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September 8, 2017 | Ear, Nose, Throat
Most people who have spent time on an airplane in the past will recall feelings of changing pressure in the ears as the plane gained or lost altitude. People who dive underwater or go climbing at high altitudes may also have experience with this sensation.
The medical term for this is ear barotrauma, a condition that causes ear discomfort due to pressure changes. Ear barotrauma occurs when the eustachian tube, which connects the middle of the ear to the throat and nose, is blocked. Occasional ear barotrauma is common, particularly when altitude changes are at play, but frequent cases may lead to complications.
Symptoms of barotrauma develop because pressure inside the ear is different than pressure outside the ear. Here are the situations that might cause this:
Any issue that may block the eustachian tubes can put you at risk for barotrauma, however. Colds, allergies and active infections may make it more likely, and infants and young children can be at risk due to smaller eustachian tubes that become blocked more easily.
Symptoms and Complications
Symptoms of ear barotrauma in mild or moderate cases may include:
If barotrauma is allowed to progress long enough without treatment, or if the case is severe, additional symptoms may include:
Ear barotrauma is usually temporary, and will generally clear up fairly quickly. However, complications may arise in certain severe or chronic cases, including:
If you have ear pain or decreased hearing, contact your doctor for treatment.
Diagnosis and Treatment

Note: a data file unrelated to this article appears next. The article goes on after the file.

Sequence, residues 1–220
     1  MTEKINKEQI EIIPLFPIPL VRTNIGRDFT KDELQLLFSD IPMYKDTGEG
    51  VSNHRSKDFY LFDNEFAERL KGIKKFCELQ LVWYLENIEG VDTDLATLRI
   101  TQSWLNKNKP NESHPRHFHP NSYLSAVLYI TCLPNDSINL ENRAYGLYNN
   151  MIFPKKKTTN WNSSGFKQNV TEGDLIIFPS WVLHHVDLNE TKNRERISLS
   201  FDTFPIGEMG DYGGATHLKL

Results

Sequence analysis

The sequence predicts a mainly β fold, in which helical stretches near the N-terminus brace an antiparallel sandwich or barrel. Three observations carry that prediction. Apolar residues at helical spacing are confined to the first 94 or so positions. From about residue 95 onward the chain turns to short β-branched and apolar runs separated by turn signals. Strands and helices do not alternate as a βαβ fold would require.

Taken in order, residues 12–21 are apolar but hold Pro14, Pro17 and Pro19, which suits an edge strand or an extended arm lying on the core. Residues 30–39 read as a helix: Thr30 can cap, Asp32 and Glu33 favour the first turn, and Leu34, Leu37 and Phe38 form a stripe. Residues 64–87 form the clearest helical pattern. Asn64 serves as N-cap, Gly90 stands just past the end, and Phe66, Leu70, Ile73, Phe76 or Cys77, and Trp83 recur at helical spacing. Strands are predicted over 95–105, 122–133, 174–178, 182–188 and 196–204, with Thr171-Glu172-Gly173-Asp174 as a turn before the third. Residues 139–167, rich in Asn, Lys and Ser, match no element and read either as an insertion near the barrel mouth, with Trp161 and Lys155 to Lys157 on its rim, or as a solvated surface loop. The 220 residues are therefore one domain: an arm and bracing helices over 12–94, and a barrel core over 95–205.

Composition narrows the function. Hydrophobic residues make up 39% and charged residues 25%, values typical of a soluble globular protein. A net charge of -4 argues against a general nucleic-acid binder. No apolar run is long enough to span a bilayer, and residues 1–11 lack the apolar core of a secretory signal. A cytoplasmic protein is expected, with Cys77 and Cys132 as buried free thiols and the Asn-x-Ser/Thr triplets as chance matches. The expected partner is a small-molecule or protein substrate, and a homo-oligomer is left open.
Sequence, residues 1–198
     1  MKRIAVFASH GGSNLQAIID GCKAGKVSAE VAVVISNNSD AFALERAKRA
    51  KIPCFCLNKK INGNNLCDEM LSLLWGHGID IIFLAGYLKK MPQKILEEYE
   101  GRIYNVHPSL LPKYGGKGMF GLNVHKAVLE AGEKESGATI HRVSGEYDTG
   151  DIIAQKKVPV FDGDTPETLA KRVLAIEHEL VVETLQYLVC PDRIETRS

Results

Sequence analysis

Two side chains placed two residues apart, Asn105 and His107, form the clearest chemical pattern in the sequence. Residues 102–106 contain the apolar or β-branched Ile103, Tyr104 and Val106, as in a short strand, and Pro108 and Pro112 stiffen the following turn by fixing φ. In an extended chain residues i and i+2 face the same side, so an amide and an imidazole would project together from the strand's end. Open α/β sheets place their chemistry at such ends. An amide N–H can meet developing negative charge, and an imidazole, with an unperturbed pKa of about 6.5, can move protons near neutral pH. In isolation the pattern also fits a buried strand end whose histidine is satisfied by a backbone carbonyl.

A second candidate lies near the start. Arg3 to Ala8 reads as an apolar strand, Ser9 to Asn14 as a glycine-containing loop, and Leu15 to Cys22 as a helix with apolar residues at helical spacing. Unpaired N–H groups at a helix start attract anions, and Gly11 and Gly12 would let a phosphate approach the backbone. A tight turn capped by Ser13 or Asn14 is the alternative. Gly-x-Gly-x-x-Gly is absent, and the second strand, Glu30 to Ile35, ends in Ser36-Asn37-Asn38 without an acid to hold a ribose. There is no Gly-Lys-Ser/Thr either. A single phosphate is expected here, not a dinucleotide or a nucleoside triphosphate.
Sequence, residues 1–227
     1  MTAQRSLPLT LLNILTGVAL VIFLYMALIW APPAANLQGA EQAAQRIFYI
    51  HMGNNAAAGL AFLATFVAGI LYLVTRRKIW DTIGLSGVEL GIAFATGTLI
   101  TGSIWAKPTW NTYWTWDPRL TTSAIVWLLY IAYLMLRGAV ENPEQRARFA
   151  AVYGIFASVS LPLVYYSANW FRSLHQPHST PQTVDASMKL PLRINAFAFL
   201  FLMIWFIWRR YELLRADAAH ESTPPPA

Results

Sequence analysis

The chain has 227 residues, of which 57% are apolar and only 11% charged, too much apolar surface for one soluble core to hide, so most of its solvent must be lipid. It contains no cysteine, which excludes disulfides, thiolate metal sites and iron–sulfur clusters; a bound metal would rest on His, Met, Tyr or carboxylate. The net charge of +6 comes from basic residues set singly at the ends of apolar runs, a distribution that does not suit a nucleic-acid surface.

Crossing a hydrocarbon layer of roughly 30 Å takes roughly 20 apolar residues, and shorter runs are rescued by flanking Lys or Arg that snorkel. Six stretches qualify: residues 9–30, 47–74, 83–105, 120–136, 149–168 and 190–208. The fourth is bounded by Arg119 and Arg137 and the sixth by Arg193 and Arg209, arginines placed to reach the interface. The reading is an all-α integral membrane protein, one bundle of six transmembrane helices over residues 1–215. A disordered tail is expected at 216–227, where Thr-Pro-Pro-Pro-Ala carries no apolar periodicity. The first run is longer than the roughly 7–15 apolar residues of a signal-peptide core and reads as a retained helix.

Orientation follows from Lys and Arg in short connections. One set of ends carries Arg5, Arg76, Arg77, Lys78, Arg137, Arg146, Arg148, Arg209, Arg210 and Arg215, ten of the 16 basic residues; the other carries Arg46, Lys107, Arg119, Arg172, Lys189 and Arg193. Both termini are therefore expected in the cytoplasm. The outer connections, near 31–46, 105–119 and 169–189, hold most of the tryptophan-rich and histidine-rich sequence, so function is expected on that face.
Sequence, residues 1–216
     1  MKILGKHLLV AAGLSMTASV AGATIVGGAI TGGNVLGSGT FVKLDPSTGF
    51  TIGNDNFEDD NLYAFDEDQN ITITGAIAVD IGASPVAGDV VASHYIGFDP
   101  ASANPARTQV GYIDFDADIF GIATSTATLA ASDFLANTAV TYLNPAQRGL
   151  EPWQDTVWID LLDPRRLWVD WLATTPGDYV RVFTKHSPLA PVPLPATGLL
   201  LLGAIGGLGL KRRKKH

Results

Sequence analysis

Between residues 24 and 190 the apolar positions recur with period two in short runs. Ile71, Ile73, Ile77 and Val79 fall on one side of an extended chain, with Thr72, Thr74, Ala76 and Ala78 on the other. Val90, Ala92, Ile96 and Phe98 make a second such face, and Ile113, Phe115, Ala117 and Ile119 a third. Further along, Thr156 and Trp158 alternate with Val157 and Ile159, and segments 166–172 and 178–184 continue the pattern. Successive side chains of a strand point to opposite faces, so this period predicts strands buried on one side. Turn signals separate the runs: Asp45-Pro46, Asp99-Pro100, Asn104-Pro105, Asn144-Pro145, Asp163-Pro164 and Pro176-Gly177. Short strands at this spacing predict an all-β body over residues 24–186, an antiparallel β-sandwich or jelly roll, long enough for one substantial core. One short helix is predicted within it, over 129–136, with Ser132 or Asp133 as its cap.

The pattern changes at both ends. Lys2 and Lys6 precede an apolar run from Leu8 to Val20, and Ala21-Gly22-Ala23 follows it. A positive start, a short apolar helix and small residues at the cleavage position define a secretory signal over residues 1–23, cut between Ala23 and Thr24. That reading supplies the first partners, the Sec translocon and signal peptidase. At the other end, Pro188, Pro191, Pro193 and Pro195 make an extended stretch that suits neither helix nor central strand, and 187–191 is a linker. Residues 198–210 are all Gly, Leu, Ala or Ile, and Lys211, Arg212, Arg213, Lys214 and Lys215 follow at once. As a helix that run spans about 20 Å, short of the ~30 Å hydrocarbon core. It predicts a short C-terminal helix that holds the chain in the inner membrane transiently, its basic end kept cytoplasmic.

A medical exam might be required to rule out an ear infection and confirm ear barotrauma. This could include air squeezed into the ear, or a close look with an otoscope. If there are no significant findings in the physical exam, your reporting of symptoms and the situation that caused them will give clues for diagnosis.
Ear barotrauma can often be managed without medical assistance. Here are a few self-care methods to relieve pressure:
In severe cases, you may be prescribed an antibiotic or steroid to help with infection or inflammation. In other severe or chronic cases, surgery might be necessary. The most common type here is ear tubes, which are most commonly used in children and can help prevent infections from barotrauma.
Another surgical operation involves a tiny slit in the eardrum to allow pressure to equalize while removing fluid present. This may or may not be a permanent solution.
Prevention and Lessening Techniques
Steps you can take to lessen or prevent ear barotrauma include:
To learn more about ear barotrauma or to lower your risk, speak to your doctor about your options.
Our specialists have received extensive training and completed a variety of procedures, offering the best ENT care for our patients. Our team also has access to a variety of specialties to ensure that patients receive coordinated care.
“Ear Barotrauma.” Healthline. http://www.healthline.com/health/ear-barotrauma#overview1
“Barotrauma.” American Hearing Research Foundation. http://american-hearing.org/disorders/barotrauma/
The Live Better Team
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This information is not intended to replace the advice of a medical professional. You should always consult your doctor before making decisions about your health.